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Updated Jun 28, 2013 - 3:05 pm

Sen. Shooter charged in Yuma school confrontation

PHOENIX — The Yuma city prosecutor filed three misdemeanor charges Friday
against state Sen. Don Shooter in a case where the lawmaker confronted his
grandson’s teacher in a classroom.

Shooter was charged with criminal trespassing, disorderly conduct, and
interference or disruption of an educational institution. A court date has not
been set.

The allegations stem from a March 22 incident in which Shooter went to the
grandson’s charter school. According to police reports, the school receptionist
told the visibly agitated senator that he could not see the teacher, but he
ignored her, continued to the classroom and confronted the female teacher.

Shooter had said earlier this week that his lawyer was working on a plea
agreement to resolve the case. He declined to comment Friday and referred
questions to his attorney, Ed Novak, who didn’t immediately return calls from
The Associated Press.

The city prosecutor did not file an assault charge that police had requested.

According to police, Shooter waved his finger in the teacher’s face before a
guidance counselor persuaded him to leave the classroom. At one point, the
teacher began using her cellphone to record the confrontation, and students
intervened and asked Shooter to leave.

Shooter told the counselor the teacher “was not appropriate and his grandson
deserved better … that she should not be teaching,” according to the police
report. He also said he was a “state senator and very influential man in Yuma
and in the state.”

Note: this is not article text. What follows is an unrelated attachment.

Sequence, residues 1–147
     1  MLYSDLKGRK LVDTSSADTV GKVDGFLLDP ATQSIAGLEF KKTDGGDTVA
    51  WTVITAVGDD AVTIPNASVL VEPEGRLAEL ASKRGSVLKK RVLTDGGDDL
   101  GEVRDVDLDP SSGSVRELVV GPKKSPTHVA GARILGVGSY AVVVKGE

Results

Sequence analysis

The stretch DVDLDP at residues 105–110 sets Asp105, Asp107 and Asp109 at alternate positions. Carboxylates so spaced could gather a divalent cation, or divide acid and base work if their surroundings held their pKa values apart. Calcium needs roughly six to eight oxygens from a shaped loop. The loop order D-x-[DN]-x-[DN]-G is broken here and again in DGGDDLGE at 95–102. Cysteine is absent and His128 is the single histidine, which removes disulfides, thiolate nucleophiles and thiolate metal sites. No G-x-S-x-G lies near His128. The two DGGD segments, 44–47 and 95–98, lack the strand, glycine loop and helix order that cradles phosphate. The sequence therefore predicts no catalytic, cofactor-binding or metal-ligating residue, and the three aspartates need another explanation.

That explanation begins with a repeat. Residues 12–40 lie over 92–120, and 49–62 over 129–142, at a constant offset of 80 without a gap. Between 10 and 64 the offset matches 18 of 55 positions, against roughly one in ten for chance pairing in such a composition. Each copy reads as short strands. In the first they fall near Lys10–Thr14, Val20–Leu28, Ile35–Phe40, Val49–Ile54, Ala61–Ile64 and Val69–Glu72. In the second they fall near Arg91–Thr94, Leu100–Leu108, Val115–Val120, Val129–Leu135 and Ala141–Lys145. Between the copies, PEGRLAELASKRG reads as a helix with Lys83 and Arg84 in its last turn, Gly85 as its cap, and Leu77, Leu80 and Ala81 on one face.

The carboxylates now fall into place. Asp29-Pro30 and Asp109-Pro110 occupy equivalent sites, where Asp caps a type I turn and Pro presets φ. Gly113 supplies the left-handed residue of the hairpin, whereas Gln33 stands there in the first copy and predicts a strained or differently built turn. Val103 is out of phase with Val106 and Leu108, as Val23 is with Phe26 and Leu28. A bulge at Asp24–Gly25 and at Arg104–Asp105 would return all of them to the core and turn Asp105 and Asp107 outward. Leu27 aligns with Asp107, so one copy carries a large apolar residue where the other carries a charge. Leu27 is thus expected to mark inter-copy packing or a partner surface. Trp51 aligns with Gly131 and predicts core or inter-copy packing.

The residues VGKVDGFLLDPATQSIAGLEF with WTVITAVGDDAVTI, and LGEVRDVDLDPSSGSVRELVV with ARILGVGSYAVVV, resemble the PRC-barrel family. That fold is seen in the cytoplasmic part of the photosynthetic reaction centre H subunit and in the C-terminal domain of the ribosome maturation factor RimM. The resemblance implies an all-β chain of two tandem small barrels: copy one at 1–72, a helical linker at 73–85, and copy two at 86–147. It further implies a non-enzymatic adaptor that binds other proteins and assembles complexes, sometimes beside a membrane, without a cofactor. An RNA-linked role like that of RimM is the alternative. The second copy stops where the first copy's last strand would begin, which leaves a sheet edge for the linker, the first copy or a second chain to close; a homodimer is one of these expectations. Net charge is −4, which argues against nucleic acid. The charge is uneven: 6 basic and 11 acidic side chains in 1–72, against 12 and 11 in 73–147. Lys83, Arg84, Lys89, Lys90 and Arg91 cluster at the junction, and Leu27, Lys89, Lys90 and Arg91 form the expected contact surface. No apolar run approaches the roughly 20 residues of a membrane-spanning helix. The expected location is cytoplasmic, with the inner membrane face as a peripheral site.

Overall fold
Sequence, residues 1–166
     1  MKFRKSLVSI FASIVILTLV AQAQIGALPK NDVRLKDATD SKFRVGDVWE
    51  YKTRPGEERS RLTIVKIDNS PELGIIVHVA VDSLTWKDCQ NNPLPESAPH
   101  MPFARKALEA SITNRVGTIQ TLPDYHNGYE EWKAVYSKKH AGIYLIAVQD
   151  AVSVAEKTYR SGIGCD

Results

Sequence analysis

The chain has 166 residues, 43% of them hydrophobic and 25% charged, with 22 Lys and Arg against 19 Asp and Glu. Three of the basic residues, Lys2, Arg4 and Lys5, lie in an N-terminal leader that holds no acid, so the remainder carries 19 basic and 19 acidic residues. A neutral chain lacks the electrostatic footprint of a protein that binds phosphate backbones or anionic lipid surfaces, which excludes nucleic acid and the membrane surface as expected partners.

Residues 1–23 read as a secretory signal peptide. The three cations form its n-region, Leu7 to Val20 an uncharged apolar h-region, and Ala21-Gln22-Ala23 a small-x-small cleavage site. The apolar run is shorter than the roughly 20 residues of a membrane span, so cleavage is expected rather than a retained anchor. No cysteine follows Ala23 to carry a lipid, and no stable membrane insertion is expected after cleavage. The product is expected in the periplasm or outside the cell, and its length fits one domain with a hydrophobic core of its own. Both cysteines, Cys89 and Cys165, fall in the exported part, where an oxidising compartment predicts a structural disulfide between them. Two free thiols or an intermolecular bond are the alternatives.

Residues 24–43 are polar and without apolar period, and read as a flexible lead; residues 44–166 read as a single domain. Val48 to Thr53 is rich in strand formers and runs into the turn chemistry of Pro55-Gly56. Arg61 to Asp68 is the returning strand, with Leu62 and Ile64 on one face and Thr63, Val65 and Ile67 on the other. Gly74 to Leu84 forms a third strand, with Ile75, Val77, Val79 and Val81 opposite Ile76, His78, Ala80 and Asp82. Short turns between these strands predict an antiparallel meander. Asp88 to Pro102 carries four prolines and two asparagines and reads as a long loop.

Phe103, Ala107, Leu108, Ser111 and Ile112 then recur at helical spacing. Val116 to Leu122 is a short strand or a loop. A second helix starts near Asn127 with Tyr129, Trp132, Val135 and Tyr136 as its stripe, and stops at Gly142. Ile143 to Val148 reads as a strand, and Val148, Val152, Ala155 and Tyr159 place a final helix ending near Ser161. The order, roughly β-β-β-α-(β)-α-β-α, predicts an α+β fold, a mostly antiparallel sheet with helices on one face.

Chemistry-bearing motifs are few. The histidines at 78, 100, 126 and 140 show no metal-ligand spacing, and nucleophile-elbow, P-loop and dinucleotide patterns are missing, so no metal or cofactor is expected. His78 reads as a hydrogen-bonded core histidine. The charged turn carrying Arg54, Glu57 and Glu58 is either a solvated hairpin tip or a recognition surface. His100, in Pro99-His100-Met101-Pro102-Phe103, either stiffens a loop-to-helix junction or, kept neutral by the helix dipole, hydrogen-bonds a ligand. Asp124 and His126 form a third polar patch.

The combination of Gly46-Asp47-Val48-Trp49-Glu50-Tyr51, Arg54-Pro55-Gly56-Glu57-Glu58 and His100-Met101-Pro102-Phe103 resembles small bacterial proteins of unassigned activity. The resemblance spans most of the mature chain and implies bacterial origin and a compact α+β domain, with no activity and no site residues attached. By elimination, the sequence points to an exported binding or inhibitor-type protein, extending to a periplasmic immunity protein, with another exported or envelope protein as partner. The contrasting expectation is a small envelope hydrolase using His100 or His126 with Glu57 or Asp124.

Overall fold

Shooter walked out of the school without assistance, according to John Morales,
executive director of the nonprofit Yuma Private Industry Council, which
oversees the EOC Charter High School.

In a lengthy statement to police that was provided to the media in April,
Shooter said the teacher had repeatedly called Shooter’s grandson and another
boy “retarded” and “special ed” and had refused to allow the grandson to use
the bathroom when he was sick.

Shooter’s statement said he went to the school, entered his grandson’s class
while it was in session and “requested to speak” with the teacher, telling her
“if half the student’s allegations are true, this is very disturbing and we
need to discuss this.”

In an interview this week before charges were filed, Shooter said he hoped city
prosecutor Jay Cairns and Novak would come to an agreement.

“The whole thing’s foolishness for me, from my viewpoint. It’s much ado about
nothing, in my opinion,” Shooter said. “But that’s one man’s opinion. The
prosecutor’s gotta do his job. My lawyer’s gotta do his job.”

Shooter, a Republican first elected in 2010, heads the powerful Senate
Appropriations Committee. He could be called in front of an ethics panel if
another senator makes a formal complaint.


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